In 1987, synovitis, acne, pustulosis, hyperostosis and osteitis (SAPHO) syndrome was proposed as an umbrella term for a group of diseases with similar musculoskeletal manifestations, in particular hyperostosis of anterior chest wall, synovitis, and multifocal aseptic osteomyelitis, observed in association with dermatologic conditions such as palmoplantar pustulosis, severe acne, and hidradenitis suppurativa. Despite recent advances in our understanding of the epidemiologic, pathophysiologic, and immunogenetic mechanisms involved in SAPHO syndrome, etiopathogenesis remains poorly understood. Propionibacterium acnes, the microorganism associated with acne, has been recovered on bone biopsy in some patients, but the possible pathogenetic role of an infectious agent in a genetically predisposed individual, resulting in exaggerated inflammatory response as "reactive osteitis," is a largely unproven hypothesis. The newly available whole-body MRI will assist early diagnosis by detecting multifocal osteitis lesions, some of them asymptomatic, in axial (anterior chest wall, spine, and jaws) and nonaxial sites. Moreover, outcomes are vastly improved by treatment with bisphosphonates and tumor necrosis factor-alpha antagonists.

  16. Adult Acne: Prevalence and Portrayal in Primary Healthcare Patients, in the Greater Porto Area, Portugal.

    PubMed

    Semedo, Diogo; Ladeiro, Filipa; Ruivo, Mariana; D'Oliveira, Carlos; De Sousa, Filipa; Gayo, Mariana; Lima, Clara; Magalhães, Frederico; Brandão, Rui; Branco, Maria; Da Silva, Isabel; Batista, Joana; Amado, João; Massa, António; Neves-Amado, João

    2016-09-01

    Introdução: A acne, apesar de caraterística no adolescente, afeta frequentemente o adulto. Em Portugal, não são conhecidos estudos sobre a prevalência da acne no adulto, nomeadamente observada nos grandes centros populacionais. Os objetivos deste estudo foram estimar a prevalência da acne nos utentes dos serviços de cuidados de saúde primários, as suas características, incluindo fatores de risco para início e/ou agravamento, além de coletar informação relacionada com a automedicação e/ou tratamento prescrito. Material e Métodos: Aplicação de questionário e exame físico a amostra composta por adultos entre os 20 - 60 anos de idade que visitaram, em dias aleatórios, cinco centros de saúde da área do Grande Porto. Resultados: Dos 1 055 adultos avaliados, a prevalência estimada de acne foi de 61,5%. Apenas 36,8% dos portadores estavam cientes da sua condição e somente 25% afirmou ter procurado tratamento. Mais de metade dos fumadores (62,3%) apresentavam acne. A zona mais afetada foi a região malar, diferindo da forma adolescente da doença. Discussão: A prevalência encontrada de acne foi mais elevada do que em outros estudos. A acne aparentou estar relacionada com a ingestão calórica aumentada, tabagismo, consumo de leite gordo ou meio gordo, hirsutismo, alopécia e seborreia. Conclusão: No contexto dos cuidados de saúde primários, mais de metade dos adultos eram portadores de acne. Estes números demonstram o quão importante pode ser a prevenção e intervenção pelos profissionais dos cuidados de saúde primários, tanto para a redução de eventuais factores de risco como para a intervenção terapêutica e consequências psicossociais relacionadas com a acne. Palavras-chave: Acne Vulgaris/epidemiologia; Adulto; Cuidados de Saúde Primários; Portugal; Prevalência.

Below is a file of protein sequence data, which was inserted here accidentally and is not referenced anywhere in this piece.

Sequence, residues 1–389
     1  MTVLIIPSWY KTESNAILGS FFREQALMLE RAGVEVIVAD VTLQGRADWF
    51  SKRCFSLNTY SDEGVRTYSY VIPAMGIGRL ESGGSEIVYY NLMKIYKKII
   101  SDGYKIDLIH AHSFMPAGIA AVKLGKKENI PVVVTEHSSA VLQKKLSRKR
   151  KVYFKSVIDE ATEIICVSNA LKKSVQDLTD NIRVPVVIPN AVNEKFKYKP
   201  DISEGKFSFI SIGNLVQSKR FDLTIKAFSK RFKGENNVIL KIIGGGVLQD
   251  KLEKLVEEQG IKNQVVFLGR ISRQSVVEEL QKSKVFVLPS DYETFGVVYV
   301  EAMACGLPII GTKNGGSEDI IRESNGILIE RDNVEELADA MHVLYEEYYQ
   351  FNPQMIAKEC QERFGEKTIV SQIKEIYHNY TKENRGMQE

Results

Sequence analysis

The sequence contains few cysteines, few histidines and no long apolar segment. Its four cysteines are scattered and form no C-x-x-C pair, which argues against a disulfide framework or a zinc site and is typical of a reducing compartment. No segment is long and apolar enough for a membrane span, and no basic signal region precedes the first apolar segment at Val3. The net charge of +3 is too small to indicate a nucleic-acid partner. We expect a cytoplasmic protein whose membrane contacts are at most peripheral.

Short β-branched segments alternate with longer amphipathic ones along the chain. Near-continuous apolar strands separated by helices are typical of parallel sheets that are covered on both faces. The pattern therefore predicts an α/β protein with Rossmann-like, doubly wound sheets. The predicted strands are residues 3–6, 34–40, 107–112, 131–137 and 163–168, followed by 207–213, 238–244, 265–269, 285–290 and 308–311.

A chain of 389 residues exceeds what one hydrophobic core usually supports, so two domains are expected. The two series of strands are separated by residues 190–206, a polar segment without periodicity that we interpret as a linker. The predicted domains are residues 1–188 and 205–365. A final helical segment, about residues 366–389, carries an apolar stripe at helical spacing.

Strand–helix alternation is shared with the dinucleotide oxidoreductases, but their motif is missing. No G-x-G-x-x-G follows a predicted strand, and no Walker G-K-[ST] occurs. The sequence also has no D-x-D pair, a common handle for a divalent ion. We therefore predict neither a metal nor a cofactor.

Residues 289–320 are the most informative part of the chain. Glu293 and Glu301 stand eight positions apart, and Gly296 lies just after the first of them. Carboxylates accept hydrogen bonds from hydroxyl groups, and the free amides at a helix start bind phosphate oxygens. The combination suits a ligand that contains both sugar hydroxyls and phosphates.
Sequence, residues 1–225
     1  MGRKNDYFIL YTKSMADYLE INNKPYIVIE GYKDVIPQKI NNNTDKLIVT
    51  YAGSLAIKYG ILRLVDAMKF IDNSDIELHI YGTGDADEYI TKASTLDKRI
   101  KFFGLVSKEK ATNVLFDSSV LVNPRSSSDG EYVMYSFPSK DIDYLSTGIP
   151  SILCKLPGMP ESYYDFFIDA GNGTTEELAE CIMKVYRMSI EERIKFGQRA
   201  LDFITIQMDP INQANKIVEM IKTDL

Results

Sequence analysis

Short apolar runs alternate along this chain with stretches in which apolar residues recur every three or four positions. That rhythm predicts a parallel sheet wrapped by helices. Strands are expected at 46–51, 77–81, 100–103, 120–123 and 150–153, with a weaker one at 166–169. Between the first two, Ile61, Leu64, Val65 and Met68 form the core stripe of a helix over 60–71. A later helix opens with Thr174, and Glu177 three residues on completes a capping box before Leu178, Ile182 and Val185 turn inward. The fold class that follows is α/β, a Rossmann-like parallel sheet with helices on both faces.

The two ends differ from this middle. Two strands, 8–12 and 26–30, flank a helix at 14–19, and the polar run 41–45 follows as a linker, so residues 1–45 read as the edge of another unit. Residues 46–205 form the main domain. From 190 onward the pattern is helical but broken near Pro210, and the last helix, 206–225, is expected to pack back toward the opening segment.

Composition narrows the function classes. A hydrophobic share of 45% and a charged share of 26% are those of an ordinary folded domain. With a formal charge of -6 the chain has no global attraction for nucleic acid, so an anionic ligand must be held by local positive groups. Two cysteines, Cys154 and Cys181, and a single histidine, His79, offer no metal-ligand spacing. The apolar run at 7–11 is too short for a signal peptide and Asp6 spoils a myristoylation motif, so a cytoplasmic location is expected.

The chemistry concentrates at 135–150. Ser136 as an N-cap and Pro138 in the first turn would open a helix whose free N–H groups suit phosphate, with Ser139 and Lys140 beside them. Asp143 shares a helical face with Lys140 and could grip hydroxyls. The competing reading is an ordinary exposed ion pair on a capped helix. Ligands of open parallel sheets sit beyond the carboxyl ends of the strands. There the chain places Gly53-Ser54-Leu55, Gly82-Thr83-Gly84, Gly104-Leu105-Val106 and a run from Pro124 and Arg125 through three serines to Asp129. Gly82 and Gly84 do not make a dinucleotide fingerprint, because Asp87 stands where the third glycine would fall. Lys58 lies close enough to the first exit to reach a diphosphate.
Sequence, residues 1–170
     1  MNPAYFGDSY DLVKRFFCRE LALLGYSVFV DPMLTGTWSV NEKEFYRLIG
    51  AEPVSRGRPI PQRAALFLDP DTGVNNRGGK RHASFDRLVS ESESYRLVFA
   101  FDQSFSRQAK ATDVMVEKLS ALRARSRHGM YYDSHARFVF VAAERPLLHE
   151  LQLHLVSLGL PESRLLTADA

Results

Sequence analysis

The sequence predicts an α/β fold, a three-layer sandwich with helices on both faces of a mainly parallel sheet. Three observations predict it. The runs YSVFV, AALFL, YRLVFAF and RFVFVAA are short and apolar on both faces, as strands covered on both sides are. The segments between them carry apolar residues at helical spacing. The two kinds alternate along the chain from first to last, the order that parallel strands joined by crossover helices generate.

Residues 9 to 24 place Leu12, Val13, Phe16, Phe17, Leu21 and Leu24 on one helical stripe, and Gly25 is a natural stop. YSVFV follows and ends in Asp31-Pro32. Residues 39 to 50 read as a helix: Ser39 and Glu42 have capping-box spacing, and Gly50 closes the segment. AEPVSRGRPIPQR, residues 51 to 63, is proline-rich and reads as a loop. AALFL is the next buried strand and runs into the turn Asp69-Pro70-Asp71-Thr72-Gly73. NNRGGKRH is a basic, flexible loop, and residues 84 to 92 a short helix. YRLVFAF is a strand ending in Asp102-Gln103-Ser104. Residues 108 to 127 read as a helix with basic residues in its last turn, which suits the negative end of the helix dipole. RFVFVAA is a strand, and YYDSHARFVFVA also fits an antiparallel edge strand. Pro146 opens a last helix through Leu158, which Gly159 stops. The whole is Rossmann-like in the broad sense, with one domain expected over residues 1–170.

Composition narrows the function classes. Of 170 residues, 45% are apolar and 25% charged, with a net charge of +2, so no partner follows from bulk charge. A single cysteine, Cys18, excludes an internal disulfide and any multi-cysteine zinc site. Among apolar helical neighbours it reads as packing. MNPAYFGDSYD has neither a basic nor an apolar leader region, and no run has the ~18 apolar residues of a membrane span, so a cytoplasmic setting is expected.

17. A Novel High-Resolution Single Locus Sequence Typing Scheme for Mixed Populations of Propionibacterium acnes In Vivo

    PubMed Central

    Scholz, Christian F. P.; Jensen, Anders; Lomholt, Hans B.; Brüggemann, Holger; Kilian, Mogens

    2014-01-01

    The Gram-positive anaerobic bacterium Propionibacterium acnes is a prevalent member of the normal skin microbiota of human adults. In addition to its suspected role in acne vulgaris it is involved in a variety of opportunistic infections. Multi-locus sequence-typing (MLST) schemes identified distinct phylotypes associated with health and disease. Being based on 8 to 9 house-keeping genes these MLST schemes have a high discriminatory power, but their application is time- and cost-intensive. Here we describe a single-locus sequence typing (SLST) scheme for P. acnes. The target locus was identified with a genome mining approach that took advantage of the availability of representative genome sequences of all known phylotypes of P. acnes. We applied this SLST on a collection of 188 P. acnes strains and demonstrated a resolution comparable to that of existing MLST schemes. Phylogenetic analysis applied to the SLST locus resulted in clustering patterns identical to a reference tree based on core genome sequences. We further demonstrate that SLST can be applied to detect multiple phylotypes in complex microbial communities by a metagenomic pyrosequencing approach. The described SLST strategy may be applied to any bacterial species with a basically clonal population structure to achieve easy typing and mapping of multiple phylotypes in complex microbiotas. The P. acnes SLST database can be found at http://medbac.dk/slst/pacnes. PMID:25111794